Adopting a child can in itself be a demanding and complex process, and families can struggle, particularly when the initial period of settling in is over and children feel safer to let their new family know about their insecurities and more difficult feelings and experiences.
Adopted children are often more vulnerable to emotional instability. Many will have experienced the loss of one or more family members and must cope with grief alongside potential feelings of isolation, identity issues and anger. Adopted children may also have trouble bonding with adoptive parents, perhaps due to past abandonment but also because of the complex biochemical and time-sensitive processes involved in human attachment.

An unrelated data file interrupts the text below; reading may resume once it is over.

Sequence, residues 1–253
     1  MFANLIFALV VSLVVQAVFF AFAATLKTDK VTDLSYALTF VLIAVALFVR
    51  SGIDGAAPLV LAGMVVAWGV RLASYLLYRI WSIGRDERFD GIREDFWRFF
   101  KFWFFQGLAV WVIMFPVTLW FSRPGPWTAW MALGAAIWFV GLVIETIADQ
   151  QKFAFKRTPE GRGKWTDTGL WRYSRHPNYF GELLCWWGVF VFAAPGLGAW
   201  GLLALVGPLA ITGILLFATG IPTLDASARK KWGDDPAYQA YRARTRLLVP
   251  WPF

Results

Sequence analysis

The family system may also waver in the wake of adoption. Jealousy and sibling conflict can escalate with the addition of an adopted child. You and your partner, exhausted and overwhelmed, may experience increased arguments and disconnection. Almost all families need extra support, and you may want some support to help with the additional and unique challenges that adoption poses.